Feb 122011
 

 

In this blog post I am presenting a simple validation framework that you can reuse in your code. Also I will be putting here two code snippets that will make it easier for you to add preconditions to your code.

When Visual Studio 2010 was first realeased, one of the features that I expected the most was code contracts. Unfortunately after including them in one of my large projects, it became more clear that at this moment it is not mature enough to be used. Build time increases rapidly when having a lot of source code files and using the code contracts. Enabling static contract validation is even worse, almost doubling the build time on an average development machine.

All that being said, I really like the code contracts way of specifying preconditions. Most of the time I don’t use post-conditions, but being able to specify validation criteria means that the code will be more robust.

For simplicity this example here will only cover the Requires method, but it can easily be extended to provide most other methods from the System.Diagnostics.Contracts.Contract class.

What we want is to be able to specify preconditions like in the following snippet:

public void SomeMethod(string argument)
{
	Contract.Requires<ArgumentNullException>(argument != null, "Argument must not be null");
	Contract.Requires<ArgumentException>(argument != string.Empty, "Argument must not be empty string");
	Contract.Requires<InvalidOperationException>(false, "Message format: {0}", argument);
}

The above method will throw an ArgumentNullException if the supplied argument is null, an ArgumentException if the supplied argument is an empty string or an InvalidOperationException. The third precondition demonstrates the ability to specify a message format and multiple arguments (similar to the String.Format method).

Since the Requires method will receive a generic exception type argument, we don’t know if the exception constructor can receive a string argument, so our implementation must rely on reflection to create an instance of the exception. Since I am a big fan of expressions, the implementation is not a “brute-force” reflection invocation of the constructor, but instead I will be creating a lambda expression that can be reused.

The first time our Requires method is called, we can create a lambda expression that will instantiate the exception type. This expression can be cached and subsequent calls to Requires with the same exception type will invoke the cached lambda expression to create a new instance of the type:

using System;
using System.Linq.Expressions;

public static class Contract
{
    private static class ContractException<TException>
    {
        private static Func<TException> defaultConstructorExpression;
        private static Func<string, TException> messageConstructorExpression;

        public static Func<TException> New
        {
            get
            {
                if (defaultConstructorExpression == null)
                {
                    InitializeDefaultConstructorExpression();
                }

                return defaultConstructorExpression;
            }
        }

        public static Func<string, TException> NewWithMessage
        {
            get
            {
                if (messageConstructorExpression == null)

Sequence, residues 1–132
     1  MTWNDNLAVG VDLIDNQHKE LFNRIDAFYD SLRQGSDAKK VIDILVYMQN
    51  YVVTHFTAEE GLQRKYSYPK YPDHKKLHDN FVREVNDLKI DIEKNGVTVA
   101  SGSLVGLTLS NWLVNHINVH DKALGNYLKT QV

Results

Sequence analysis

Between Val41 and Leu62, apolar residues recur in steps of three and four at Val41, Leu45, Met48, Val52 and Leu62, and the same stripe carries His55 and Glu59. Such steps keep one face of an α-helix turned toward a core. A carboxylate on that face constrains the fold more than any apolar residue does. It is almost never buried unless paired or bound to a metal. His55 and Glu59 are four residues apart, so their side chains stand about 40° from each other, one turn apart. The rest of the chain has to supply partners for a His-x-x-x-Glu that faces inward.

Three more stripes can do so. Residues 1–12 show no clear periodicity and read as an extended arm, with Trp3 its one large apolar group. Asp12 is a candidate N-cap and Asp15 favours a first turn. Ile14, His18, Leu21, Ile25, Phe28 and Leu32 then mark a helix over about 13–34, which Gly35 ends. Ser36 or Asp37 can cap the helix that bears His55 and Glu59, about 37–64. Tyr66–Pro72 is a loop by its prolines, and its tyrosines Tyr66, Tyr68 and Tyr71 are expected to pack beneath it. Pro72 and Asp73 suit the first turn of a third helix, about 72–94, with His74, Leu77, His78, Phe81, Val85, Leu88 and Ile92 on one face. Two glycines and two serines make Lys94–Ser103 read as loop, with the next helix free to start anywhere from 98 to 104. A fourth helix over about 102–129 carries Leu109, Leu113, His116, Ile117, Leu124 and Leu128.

{
                    InitializeMessageConstructorExpression();
                }

                return messageConstructorExpression;
            }
        }

        private static void InitializeDefaultConstructorExpression()
        {
            var newExpression = Expression.New(typeof(TException));
            defaultConstructorExpression = Expression.Lambda<Func<TException>>(newExpression).Compile();
        }

        private static void InitializeMessageConstructorExpression()
        {
            var constructorInfo = typeof(TException).GetConstructor(new[] { typeof(string) });
            if (constructorInfo == null)
            {
                messageConstructorExpression = msg => New();
                return;
            }

            var parameterExpression = Expression.Parameter(typeof(string));
            var newExpression = Expression.New(constructorInfo, parameterExpression);
            messageConstructorExpression = Expression.Lambda<Func<string, TException>>(newExpression, parameterExpression).Compile();
        }
    }

    public static void Requires<TException>(bool condition) where TException : Exception
    {
        if (!condition)
        {
            throw ContractException<TException>.New();
        }
    }

    public static void Requires<TException>(bool condition, string message) where TException : Exception
    {
        if (!condition)
        {

            throw ContractException<TException>.NewWithMessage(message);
        }
    }

    public static void Requires<TException>(bool condition, string messageFormat, params object[] args) where TException : Exception
    {
        if (!condition)
        {
            var message = string.Format(messageFormat, args);
            Requires<TException>(condition, message);
        }
    }
}

Below you can find the Contract class code, as well as two code snippets. These snippets must be copied to My DocumentsVisual Studio 2010Code SnippetsVisual C#My Code Snippets. The shortcuts for the snippets are:

  • cre –> will create a generic Contract.Requires statement
  • cren –> will create a Contract.Requires<ArgumentNullException> statement

These snippets have actually the same shortcut as the ones included in the Code Contracts extension required for the .NET framework built-in contracts. If you already have that extension installed, you don’t need the snippets.

Download the files here: 

 Simple reusable validation framework